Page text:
With the patient all recovered we explored the city centre which has enough grandiose public buildings to keep you occupied for a few hours but not a great deal more. It boasts the world's widest road with 18 lanes (apparently although Argentineans have been noted for claiming the World's best/biggest/longest everything...). One small problem though, this being a country full of politically passionate people we ran into a massive demonstration. All sorts of flags, banners, chanting, bonfires and about 50,000 crazed people, but we had no idea what it was all about!( I also saw another one less than a week later!) It made the first glimpse of the famous "Casa Rosada" (pink government house), all the more exciting though and it was easy to imagine Evita and Peron on the balcony giving their impassioned speeches. Later I went to the Casa Rosada museum and discovered that its history is littered with scenes like that - it seems the people have been "revolutioning" outside it since the city was built
Don`t cry for me Argentina..
If you know me you know about my obsession with the Evita story. I was in my element being able to visit the Evita museum and try to find out the real story. It seems she was loved and hated equally, but no one can deny the impact she had on the country's society and the uniqueness of her story. The strangest thing I found out was that 2 years after she died the Military stole her body and hid it for 16 years in Milan! Her grave was actually a big disappointment. The recoletta cemetery is for the rich and famous and full of incredible elaborate mausoleums for whole families, it felt more like a little town! Compared to the other "mansions", Evitaīs family shrine was a simple affair. Perhaps because she didn't arrive here until the 1970īs and space was running out.
Every neighbourhood in this city has a distinct character to it and that`s something I like about this city. From the glitzy northern suburbs with chic bars, restaurants and Plazas al la Soho, to the faded mansions and cobbled streets of San Telmo. On Sundays it's full of artists and street peddlers dressed up, people dancing in the cobbled streets and tango music played everywhere
There is every type of nightlife here, but it all starts late. On Saturday night we went to a dockside club which looks like the Sydney Opera house. Almost totally glass with open decks looking out to the water, terraces and fountains inside and full of about 1000 of BA's beautiful people. We arrived at 1.30am and it was dead. By 4am it was heaving and when we left at 6am it was still packed - quite a place.
A few nights later and we were in an opulent 8 storey high opera house. Yes it`s the truth, I managed to persuade Jason to go to Verdi's Requiem, perhaps only because we went with Carolina, Jason's ex Spanish teacher who is from BA, and her husband. (I am pretty sure it will be his last visit to an opera house though). From the 6th floor we had a great view of the elaborate gold gilding, ceiling frescoes and gigantic chandeliers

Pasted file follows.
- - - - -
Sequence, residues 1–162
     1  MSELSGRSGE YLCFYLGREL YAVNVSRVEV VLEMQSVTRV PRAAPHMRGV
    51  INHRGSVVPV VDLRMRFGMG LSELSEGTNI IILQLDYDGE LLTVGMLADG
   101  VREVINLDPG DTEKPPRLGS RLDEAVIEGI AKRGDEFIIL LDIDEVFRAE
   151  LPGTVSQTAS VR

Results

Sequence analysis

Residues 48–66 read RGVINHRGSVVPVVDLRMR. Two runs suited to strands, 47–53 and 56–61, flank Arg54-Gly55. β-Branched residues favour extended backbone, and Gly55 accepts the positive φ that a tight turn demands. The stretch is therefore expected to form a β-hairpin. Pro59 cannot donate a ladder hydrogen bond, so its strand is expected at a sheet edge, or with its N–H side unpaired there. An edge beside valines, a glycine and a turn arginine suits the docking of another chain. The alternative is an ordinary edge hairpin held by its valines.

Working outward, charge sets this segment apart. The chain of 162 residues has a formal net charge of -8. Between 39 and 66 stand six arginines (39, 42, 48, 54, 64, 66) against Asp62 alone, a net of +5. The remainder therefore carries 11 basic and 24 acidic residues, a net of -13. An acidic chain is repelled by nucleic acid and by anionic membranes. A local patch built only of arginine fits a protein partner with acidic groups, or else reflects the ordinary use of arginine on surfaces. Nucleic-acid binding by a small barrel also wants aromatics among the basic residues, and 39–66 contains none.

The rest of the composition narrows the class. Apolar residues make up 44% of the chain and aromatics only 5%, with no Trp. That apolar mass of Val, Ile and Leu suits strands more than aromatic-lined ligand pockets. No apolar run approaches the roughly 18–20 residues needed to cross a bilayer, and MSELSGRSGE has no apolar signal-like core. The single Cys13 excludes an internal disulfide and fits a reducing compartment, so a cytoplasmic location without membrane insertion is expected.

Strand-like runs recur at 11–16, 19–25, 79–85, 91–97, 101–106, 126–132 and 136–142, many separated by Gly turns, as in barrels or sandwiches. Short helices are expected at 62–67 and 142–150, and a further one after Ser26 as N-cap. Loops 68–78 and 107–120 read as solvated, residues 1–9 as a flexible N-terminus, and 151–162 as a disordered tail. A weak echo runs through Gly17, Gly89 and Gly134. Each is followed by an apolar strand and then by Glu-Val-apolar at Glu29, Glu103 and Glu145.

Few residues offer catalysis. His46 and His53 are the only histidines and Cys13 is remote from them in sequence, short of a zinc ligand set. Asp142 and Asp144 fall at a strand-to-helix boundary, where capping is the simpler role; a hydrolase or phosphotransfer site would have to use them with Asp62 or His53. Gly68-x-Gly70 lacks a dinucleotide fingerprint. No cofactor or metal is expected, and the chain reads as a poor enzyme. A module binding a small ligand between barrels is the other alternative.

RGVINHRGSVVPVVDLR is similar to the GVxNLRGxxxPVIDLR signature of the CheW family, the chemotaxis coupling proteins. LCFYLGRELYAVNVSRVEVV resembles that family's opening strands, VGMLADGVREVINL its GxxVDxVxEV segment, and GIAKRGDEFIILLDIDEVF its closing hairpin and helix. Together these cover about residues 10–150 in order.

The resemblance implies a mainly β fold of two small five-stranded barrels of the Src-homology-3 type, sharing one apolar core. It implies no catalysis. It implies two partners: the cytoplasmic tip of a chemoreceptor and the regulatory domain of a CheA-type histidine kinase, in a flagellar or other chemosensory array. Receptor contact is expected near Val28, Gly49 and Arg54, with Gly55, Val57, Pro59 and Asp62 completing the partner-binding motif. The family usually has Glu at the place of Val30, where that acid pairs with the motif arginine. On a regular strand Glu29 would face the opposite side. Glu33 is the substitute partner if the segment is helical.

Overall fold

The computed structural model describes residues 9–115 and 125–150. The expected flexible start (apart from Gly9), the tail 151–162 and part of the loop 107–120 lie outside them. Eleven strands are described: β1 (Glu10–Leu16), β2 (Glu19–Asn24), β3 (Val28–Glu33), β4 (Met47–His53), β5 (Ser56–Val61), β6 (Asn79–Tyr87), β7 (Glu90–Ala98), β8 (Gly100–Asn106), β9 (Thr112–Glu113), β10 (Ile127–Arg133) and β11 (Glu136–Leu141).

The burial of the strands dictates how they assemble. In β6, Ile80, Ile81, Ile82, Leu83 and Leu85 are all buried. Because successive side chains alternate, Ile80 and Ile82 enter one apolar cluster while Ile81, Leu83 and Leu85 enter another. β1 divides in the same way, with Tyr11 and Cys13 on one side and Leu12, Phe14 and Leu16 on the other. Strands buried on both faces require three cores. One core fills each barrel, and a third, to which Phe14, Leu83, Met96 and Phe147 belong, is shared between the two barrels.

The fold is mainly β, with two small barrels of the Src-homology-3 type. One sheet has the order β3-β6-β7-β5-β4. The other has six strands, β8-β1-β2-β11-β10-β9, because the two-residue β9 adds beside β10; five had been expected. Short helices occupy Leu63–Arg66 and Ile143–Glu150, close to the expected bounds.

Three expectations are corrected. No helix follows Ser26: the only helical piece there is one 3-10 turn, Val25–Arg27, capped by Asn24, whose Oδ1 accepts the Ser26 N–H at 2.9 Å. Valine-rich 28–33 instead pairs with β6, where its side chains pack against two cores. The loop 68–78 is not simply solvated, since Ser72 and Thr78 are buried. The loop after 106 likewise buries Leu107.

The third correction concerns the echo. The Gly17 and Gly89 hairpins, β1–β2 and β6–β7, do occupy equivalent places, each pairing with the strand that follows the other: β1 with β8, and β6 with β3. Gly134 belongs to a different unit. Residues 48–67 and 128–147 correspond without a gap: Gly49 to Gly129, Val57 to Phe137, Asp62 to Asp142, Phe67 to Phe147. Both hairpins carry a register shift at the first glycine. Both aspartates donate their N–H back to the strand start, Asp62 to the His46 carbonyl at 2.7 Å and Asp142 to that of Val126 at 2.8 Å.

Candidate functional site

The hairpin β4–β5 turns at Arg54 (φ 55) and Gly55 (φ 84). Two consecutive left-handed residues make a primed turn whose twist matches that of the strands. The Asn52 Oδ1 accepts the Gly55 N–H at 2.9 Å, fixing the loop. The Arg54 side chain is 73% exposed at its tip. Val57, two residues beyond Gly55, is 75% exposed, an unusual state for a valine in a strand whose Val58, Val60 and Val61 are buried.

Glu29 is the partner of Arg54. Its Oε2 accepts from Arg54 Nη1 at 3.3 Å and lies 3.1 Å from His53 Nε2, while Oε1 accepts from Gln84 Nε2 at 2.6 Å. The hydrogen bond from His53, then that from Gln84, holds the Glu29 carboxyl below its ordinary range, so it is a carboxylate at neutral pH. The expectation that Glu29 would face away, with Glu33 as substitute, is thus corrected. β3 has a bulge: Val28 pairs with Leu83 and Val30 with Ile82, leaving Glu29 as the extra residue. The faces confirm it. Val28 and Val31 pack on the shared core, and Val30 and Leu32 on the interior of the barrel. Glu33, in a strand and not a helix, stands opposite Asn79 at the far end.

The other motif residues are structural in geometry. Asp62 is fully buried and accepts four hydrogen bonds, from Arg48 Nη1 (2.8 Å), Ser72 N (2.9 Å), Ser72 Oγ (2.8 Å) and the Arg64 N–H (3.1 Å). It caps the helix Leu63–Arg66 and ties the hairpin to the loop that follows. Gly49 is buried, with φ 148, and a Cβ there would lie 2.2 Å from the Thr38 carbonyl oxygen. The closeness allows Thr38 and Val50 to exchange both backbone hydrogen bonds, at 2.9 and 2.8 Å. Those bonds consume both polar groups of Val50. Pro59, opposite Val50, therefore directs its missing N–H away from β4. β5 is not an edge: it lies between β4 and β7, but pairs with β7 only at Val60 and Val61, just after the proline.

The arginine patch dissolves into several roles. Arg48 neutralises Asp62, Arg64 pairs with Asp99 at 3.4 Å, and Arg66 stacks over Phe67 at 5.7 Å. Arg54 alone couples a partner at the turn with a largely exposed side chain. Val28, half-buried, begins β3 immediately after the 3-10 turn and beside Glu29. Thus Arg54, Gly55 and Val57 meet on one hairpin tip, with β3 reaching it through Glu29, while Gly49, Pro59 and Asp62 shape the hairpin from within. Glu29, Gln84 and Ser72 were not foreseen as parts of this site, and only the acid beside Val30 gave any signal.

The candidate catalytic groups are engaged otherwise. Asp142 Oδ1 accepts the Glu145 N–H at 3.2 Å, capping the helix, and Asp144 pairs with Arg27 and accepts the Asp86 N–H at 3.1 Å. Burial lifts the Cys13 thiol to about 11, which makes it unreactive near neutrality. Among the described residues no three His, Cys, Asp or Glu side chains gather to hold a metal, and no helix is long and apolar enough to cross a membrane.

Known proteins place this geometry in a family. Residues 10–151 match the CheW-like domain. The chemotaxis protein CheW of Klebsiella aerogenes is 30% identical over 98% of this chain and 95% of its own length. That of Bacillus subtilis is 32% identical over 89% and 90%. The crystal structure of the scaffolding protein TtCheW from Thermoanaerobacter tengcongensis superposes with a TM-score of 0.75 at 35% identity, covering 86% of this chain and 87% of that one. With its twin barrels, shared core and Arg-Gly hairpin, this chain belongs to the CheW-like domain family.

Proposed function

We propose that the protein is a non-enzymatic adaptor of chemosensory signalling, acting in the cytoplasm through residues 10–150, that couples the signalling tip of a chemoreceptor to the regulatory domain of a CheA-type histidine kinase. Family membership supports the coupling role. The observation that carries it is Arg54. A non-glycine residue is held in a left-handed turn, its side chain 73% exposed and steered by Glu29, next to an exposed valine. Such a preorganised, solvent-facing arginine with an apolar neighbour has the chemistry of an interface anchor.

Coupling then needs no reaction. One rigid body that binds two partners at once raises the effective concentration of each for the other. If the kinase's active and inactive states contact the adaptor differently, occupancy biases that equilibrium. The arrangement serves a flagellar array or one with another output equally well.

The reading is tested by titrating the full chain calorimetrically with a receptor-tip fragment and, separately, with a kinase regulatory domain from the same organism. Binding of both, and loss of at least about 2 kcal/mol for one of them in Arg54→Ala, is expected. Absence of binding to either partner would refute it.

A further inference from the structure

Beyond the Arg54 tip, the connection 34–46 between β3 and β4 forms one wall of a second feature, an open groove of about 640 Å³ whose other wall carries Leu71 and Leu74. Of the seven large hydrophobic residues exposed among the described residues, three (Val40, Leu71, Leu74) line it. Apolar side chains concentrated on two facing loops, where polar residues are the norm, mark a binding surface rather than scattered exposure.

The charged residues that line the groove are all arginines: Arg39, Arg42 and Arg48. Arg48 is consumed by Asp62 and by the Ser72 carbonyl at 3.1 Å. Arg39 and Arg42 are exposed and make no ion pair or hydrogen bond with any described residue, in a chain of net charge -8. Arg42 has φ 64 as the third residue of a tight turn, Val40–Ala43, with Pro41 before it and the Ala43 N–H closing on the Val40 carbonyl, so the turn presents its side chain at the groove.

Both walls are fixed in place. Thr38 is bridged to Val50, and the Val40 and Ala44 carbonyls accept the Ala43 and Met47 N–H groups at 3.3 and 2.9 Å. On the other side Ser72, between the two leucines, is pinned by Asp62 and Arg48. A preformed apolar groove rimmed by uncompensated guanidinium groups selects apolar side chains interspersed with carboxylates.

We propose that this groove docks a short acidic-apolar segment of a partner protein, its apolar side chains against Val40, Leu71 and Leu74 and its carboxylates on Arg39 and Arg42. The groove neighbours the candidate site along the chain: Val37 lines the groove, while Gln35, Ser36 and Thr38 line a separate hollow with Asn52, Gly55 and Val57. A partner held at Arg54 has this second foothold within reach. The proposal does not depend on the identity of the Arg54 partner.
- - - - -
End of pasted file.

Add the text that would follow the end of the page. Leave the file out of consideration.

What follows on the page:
The next night could not possibly have been more different. A group of us from the hostel went to watch Argentina play Columbia in the world cup qualifier at the River Plate Stadium. Finding our entrance was a challenge and ended up with us all madly chasing round the stadium being told a different things by every steward. We eventually found ourselves in the "stand with the atmosphere". That's the standing part where all the fanatical fans wave flags, jump up and down and sing songs all night. I tell you, I have never heard Englishmen sing footie songs so tunefully! Plus any man who can jump up and down for 90 minutes on a railing only holding a piece of string for balance has a definite passion for the sport in my opinion! Mostly there were so many flags flying in your face you couldn't actually see the game (which was quite a boring one anyway)!
Always a bad side..
In the interests of being balanced I must mention the negative things about the city
Jason here....a few more comments about Buenos Aires.
The people of BA are called "Portenos" and are not particularly liked by any other part of the country, and from our experience they are not the best of the Argenitines we have met. Just a bit posh! The expectations we had from numerous European men (including free advice infront of Caroline which she couldn`t believe!) about the stunning girls are only valid if you like 4.5f tall women. Otherwise they are beautiful and slim ..no obesity problems here!
However the inevitable comparison with Rio makes you realise that BA doesn't have the stunning beaches, the fabulous location in the middle of mountains and lakes nor the hot climate. The melting pot of cultures in Rio means parties/clubs are more uncensored and raw, BA doesn`t have any visible racial mix outside of europeans. In Rio there are no quaint areas with tons of bars like here in BA. Where Rio has Samba, BA has Tango, and both are amazing but I imagine Samba is harder to learn. But the language (being Portuguese) and security issues of Rio mean we both agree that BA is the best city to live in on the continent, but for a holiday we love both!